The Honorable William Jefferson Clinton,
President of the United States. 1993-2001

The Honorable William Jefferson Clinton,
                   Former president of the United States
          The Honorable William Jefferson Clinton
                   42nd president of the United States
If you just first & last name – William Clinton – that would constitute a (Full Name) too. I would not suggest using his nickname – Bill Clinton – with The Honorable.
This is correct for direct address, in a one-on-one introduction, or in conversation:
  Mr. Clinton
— Robert Hickey      http://www.formsofaddress.info/faq.html

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What is the proper way to address a former astronaut?
There is a lawsuit in California regarding former astronaut running for Congress. Is he or is he not allowed to call himself Astronaut (Name) in his campaign if he is not currently an astronaut?
       — Brian K. in California

Dear Brian K.,
Being an astronaut is not a personal rank one attains and keeps. It is more like being a chef, teacher, shepherd or lifeguard: a job one holds — in this case – held. He’s rightfully able to identify himself as having been an astronaut.
There is no personal rank granted for being an astronaut, and no special honorific used when directly addressing an astronaut.
A candidate for political office is correctly addressed as Mr./Ms. (Name).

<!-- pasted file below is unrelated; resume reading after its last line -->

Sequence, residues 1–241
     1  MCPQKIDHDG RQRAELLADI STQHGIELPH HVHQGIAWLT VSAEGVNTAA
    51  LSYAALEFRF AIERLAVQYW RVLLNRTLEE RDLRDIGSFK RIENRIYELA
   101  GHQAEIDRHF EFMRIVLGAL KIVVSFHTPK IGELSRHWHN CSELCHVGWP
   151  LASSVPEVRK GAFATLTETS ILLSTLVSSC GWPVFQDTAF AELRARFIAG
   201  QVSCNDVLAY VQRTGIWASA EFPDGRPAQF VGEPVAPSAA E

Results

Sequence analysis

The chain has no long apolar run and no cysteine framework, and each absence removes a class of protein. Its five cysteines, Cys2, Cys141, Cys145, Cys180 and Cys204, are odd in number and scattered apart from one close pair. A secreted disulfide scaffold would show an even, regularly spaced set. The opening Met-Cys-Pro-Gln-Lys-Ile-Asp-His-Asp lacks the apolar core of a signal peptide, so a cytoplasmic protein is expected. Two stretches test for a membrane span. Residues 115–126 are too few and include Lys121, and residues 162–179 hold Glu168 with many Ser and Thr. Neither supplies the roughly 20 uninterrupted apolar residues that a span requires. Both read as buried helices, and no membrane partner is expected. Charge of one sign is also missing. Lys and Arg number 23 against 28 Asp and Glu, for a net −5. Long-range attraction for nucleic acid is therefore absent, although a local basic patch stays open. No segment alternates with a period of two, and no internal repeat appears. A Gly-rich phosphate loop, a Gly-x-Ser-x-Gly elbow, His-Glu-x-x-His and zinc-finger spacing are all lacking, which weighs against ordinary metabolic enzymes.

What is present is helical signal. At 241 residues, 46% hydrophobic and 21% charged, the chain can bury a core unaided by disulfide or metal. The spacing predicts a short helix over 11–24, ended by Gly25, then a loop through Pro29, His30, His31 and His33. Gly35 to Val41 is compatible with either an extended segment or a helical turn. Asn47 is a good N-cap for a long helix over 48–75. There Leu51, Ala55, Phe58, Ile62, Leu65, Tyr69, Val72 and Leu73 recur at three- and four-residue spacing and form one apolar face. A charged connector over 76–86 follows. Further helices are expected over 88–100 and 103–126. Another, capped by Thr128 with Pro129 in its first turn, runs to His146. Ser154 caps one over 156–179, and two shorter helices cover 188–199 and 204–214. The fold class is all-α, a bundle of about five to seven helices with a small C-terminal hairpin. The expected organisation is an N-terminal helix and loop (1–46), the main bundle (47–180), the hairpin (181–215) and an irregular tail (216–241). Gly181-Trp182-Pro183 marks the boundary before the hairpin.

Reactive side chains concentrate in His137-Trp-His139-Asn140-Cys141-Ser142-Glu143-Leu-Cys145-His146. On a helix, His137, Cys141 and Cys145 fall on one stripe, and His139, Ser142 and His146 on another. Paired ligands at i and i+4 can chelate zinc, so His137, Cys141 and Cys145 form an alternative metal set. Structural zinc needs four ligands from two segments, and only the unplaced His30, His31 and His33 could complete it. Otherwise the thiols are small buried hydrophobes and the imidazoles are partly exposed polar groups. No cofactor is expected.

Many astronauts are or have been military officers and thus are socially addressed by rank in retirement. It would not be appropriate for a retired officer to use his/herrank as part of his/her name in a campaign for public office.
If he’s no longer in the NASA program (which you seem to say he is not) perhaps most accurately he would be identified in text or in an introduction as a one of the NASA (name of mission) astronauts or something similar.
       — Robert Hickey    http://www.formsofaddress.info/faq.html


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I have recently retired from the Air Force after 20 years of service and the company I am currently employed with would like me to include my retired rank and status in my signature block… something like:
After looking though you blog, I am in full agreement with the statement from your Pentagon source that says if retirees are in a new job, then they should use a signature block that supports that job and should not their former military rank & retired. 
However there are other retirees working in the company who do use their retired status on business cards and email signature block.
My question is … Is there any firmer or more direct verbiage addressing the use of retire rank other than the above using the ambiguous “should,” I do not really want to rock the boat at my new job, but I also don’t want to be pressured into essentially “Pimping” out my retirement status for the corporation.
             — Rich Stanton

Dear Rich,
There is only the DoD guideline and at issue is how it’s interpreted: … use of military titles is prohibited if it in any way casts discredit on DoD or gives the appearance of sponsorship, sanction, endorsement, or approval by DoD.
I observe armed services protocol officers interpreting the use of one’s former rank in a post-retirement job as giving the appearance of seeking to gain some advantage over others based on one’s pre-retirement rank or another’s lack of military service.  If the new employer is solely interested in the vets experience, then the vet has the knowledge no matter how they are addressed. Right?
A private-sector corporation has no long-term investment in maintaining the respect and prestige of active-duty ranks but perhaps there is a short-term benefit to their bottom line.
This contrasts with the DoD which has a long-term investment in maintaining the value the respect and prestige of those in uniform.